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article imageCanada to allow extradition process to proceed against Huawei CFO

By Ken Hanly     Mar 2, 2019 in Politics
The Canadian government will allow the extradition process to the US of Meng Wanzhou Chief Financial Officer (CFO) of the Chinese tech giant Huawei to proceed after what it called a thorough and diligent review of the evidence in the case.
The next step in the process is for a judge to determine if the extradition process should continue.
Charges against Meng
Meng is the daughter of the founder of Huawei Ren Zhengei. She was arrested in Vancouver last December at the request of the US on charges of fraud. Meng served on the board of Skycom, a Hong Kong based company that is alleged to have done business with Iran in 2009 and 2014 in violation of US sanctions. A separate case involves Huawei allegedly stealing intellectual property associated with a phone testing robot developed by T-Mobile. The arrest of Meng in Canada has strained relations between Canada and China.
The arrest of top Huawei executive Meng Wanzhou has sparked an escalating diplomatic crisis between...
The arrest of top Huawei executive Meng Wanzhou has sparked an escalating diplomatic crisis between Ottawa and Beijing
-, CTV/AFP/File
US regarded Huawei as a potential threat to national security
President Trump is expected to issue an order that will limit that sales of Huawei 5G equipment within the US shortly. Huawei has denied any wrongdoing or inappropriate dealings with the Chinese government. As reported in a recent Digital Journal article the US has also tried to convince European countries not to use Huawei technology.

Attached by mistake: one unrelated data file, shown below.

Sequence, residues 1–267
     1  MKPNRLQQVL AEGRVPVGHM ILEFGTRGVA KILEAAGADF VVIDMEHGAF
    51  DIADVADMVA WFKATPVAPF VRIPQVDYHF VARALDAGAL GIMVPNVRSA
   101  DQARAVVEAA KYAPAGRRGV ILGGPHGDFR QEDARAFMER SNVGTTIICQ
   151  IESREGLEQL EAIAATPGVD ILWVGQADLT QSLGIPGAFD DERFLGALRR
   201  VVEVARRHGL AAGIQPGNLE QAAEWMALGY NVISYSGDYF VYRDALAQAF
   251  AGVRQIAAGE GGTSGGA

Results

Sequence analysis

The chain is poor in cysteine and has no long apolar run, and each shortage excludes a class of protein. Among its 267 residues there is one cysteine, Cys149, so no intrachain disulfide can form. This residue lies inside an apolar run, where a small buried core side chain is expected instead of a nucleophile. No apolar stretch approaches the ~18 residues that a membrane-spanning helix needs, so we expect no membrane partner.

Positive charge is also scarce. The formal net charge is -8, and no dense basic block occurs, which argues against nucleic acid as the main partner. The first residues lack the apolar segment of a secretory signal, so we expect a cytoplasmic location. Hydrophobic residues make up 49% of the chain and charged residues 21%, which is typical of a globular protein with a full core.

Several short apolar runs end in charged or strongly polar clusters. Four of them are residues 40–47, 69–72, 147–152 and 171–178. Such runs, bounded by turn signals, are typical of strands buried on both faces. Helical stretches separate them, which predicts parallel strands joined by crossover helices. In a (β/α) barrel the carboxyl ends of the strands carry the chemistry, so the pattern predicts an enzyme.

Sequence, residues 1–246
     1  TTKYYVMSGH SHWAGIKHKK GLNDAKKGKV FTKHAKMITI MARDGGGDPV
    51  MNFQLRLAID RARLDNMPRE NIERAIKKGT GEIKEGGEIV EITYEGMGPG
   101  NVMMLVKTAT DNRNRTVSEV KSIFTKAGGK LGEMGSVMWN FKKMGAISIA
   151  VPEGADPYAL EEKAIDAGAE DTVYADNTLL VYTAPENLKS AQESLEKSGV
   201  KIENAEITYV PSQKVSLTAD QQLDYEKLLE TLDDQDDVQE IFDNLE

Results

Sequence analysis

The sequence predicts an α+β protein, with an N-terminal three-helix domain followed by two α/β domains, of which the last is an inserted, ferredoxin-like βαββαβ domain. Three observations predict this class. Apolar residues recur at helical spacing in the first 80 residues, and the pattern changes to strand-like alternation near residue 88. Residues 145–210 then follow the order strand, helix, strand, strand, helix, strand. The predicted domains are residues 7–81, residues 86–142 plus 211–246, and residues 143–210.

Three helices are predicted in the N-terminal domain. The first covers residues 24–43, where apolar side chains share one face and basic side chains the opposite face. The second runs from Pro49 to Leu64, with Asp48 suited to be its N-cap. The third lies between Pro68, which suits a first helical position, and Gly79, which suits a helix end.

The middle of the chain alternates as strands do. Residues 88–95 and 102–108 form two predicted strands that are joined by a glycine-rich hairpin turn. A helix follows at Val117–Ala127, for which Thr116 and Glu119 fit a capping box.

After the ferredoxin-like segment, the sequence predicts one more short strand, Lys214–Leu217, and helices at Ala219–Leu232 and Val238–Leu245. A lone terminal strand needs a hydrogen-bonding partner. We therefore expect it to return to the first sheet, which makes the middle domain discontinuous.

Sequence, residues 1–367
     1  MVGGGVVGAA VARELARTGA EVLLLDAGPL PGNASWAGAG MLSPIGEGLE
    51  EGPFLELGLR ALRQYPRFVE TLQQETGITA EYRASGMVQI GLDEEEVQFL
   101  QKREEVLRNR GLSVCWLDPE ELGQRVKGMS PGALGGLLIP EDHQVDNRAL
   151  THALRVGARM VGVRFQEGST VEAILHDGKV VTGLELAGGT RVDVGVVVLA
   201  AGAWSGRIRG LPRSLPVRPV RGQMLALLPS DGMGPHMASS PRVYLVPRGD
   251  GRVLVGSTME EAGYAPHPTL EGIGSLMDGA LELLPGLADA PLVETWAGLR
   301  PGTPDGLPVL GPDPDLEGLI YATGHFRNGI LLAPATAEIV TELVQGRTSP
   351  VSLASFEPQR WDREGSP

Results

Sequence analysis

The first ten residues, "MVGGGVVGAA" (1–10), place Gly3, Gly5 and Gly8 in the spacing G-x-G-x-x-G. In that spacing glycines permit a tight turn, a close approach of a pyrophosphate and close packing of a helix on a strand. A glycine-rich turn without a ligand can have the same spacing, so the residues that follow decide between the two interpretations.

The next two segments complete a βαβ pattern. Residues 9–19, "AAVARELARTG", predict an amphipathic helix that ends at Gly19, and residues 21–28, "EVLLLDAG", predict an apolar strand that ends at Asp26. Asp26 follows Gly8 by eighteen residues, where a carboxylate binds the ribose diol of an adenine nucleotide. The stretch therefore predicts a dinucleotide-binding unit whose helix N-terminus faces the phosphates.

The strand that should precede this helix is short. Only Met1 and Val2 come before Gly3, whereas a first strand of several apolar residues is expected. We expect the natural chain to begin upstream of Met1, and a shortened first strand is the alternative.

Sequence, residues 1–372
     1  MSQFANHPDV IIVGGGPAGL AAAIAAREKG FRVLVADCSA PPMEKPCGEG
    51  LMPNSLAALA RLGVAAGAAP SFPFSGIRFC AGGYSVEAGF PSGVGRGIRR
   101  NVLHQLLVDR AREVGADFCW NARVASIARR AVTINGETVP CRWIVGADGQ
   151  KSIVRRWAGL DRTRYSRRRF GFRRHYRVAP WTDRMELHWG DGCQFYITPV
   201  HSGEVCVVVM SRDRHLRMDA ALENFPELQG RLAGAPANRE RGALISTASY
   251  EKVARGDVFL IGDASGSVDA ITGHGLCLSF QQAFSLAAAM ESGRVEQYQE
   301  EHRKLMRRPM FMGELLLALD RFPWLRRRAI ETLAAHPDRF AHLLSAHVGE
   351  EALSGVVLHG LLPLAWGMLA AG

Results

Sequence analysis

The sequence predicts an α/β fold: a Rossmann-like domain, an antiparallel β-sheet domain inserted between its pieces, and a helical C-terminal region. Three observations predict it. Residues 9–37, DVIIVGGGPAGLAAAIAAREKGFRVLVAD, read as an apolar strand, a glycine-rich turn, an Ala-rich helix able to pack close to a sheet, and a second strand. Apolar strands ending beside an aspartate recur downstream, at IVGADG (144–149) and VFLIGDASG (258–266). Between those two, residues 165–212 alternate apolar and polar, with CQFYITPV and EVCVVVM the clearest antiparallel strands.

Meng is out on bail while she waits to next process to continue. If she is extradited she will face trial in the US. Meng's attorney told The Verge: “Our client maintains that she is innocent of any wrongdoing and that the U.S. prosecution and extradition constitutes an abuse of the processes of law.” Another Digital Journal article also covers the Meng extradition process.
The next steps
A government article notes: "The next step is the judicial phase where a judge hears the case. If the judge decides a person should be committed for extradition, then the Minister of Justice must decide if the person should be surrendered (extradited) to the requesting country. The Minister of Justice will not comment on the facts of this case given he may need to make a decision later in this process.
Under the Extradition Act and the Treaty, Canada must review the alleged conduct and determine whether it could have resulted in a jail sentence of 1 year of more if it had taken place in Canada. The conduct for which extradition is sought must also be considered criminal in both the United States of America and in Canada. This is known as “dual criminality”. Canada’s extradition process protects the rights of the person sought by ensuring that extradition will not be granted if, among other things, it is contrary to the Canadian Charter of Rights and Freedoms, including the principles of fundamental justice."
Meng is to appear at the British Columbia Supreme Court on March 6 to confirm that an Authority to Proceed has been issued. At that time a date will be scheduled for the hearing. At the hearing the Canadian government will make its detailed arguments available to the Court. The evidence will become part of the public record. The extradition hearing is not a trial. If there is a trial it will be in the US after she is extradited. Meng will remain on bail during court proceedings. The process could take months or even longer.
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